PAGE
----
“Unless we risk-adjusted appropriately, it looks like that facility is providing bad care,” she said.
In 2004, Gov. Arnold Schwarzenegger vetoed legislation in California that would have required public reporting of hospital infection rates, saying that the state already provided enough oversight and that hospitals were making an effort to control infections. Two years later, the governor signed less stringent legislation sponsored by the hospital industry that required hospitals to publicly report infection-control policies.
To some patient advocates, that fell far short.
“The public doesn’t care about what processes you’re doing -- we want to know about the results,” said Carole Moss, a Riverside mother who started a patient advocacy group after her 15-year-old son died from a drug-resistant staph infection at an Orange County hospital. “Where can I take my mother when she has brain cancer that I know she’s not going to get worse? Where can my son get operated on that I know he’s not going to get worse?”
“Because I was not aware as a consumer,” said Moss, who now serves with Rogers on the state advisory committee, “I was not prepared to be an advocate for my son.”
This year, California legislators again have proposed requiring hospitals to screen for and report infections of methicillin-resistant staphylococcus aureus -- the virulent bacterial infection that killed Moss’ son -- but the hospital industry is criticizing the bill. The governor said through a spokeswoman that if infection rates are reported they should be “expressed in context.”
“The hospitals are the infection hot spots,” said the bill’s sponsor, Sen. Elaine Alquist (D-Santa Clara). “They’re not following hygienic procedures. These deaths are preventable, and whatever they’re doing is obviously not enough.”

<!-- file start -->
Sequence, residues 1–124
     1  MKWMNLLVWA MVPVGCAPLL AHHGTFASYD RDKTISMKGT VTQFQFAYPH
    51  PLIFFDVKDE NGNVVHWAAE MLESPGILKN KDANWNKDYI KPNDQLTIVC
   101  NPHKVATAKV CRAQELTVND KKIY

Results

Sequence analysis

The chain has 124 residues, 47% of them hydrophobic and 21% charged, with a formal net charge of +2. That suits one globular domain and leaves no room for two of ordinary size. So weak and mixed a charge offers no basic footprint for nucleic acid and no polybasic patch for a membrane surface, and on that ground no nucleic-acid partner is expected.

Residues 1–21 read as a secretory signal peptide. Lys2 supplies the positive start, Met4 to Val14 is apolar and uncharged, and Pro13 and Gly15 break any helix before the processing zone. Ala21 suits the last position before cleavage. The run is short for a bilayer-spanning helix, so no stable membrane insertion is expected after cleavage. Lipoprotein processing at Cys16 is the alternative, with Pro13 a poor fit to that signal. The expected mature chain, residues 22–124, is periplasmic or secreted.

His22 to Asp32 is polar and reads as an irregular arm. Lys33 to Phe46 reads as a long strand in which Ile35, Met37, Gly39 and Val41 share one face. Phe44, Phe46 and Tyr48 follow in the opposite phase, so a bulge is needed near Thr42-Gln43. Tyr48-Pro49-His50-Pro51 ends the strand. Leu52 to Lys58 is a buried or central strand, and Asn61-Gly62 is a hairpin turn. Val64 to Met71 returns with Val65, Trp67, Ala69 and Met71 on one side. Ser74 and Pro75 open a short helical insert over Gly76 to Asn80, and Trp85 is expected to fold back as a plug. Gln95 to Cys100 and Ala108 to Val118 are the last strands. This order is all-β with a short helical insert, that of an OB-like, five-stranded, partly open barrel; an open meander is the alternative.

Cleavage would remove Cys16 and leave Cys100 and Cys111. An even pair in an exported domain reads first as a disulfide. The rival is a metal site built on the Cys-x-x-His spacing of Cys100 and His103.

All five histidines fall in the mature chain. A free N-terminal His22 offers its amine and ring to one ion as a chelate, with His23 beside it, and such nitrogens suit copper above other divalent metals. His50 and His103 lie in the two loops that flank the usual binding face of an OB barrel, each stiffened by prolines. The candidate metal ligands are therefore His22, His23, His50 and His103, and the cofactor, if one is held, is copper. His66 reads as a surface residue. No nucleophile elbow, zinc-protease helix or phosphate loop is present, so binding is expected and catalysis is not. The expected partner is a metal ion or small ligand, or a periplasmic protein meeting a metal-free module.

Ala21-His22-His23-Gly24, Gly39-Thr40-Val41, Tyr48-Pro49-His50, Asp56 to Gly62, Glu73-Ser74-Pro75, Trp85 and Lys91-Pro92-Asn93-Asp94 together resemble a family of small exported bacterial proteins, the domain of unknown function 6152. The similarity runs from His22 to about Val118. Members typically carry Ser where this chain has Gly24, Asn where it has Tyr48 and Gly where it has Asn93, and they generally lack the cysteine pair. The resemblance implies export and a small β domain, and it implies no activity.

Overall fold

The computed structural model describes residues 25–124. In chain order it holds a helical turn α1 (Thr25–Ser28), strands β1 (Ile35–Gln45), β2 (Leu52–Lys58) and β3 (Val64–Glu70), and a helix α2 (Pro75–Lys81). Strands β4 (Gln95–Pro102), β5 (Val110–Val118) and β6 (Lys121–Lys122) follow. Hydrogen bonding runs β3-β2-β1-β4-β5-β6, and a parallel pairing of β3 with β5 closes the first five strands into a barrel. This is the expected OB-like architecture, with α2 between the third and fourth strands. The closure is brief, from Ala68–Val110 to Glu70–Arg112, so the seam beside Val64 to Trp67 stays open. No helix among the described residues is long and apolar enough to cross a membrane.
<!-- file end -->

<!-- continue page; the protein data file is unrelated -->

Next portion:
Medical experts say healthcare facilities can prevent the spread of infections with low-cost, low-tech measures. These include ensuring staff disinfect their hands and use gloves or masks before treating patients.
In addition, hospital staff can test people before they’re admitted -- particularly the elderly and critically ill who are most at risk for infection. And they can isolate those infected and ensure that equipment used to treat them is not used on others.
California’s recent effort to track drug-resistant infections outside health facilities follows reports of outbreaks of severe staph infections presumably contracted in public places. Fear has been spreading among athletes, students and parents.
There is some basis for concern about these infections. Dr. Gil Chavez, California’s state epidemiologist, said they are especially virulent strains and less understood than those that crop up in hospitals.
Consumer advocates disagree. They argue that infections don’t stop at the hospital door, and that without mandatory reporting, the state can’t fully appreciate the virulence or full extent of staph infections.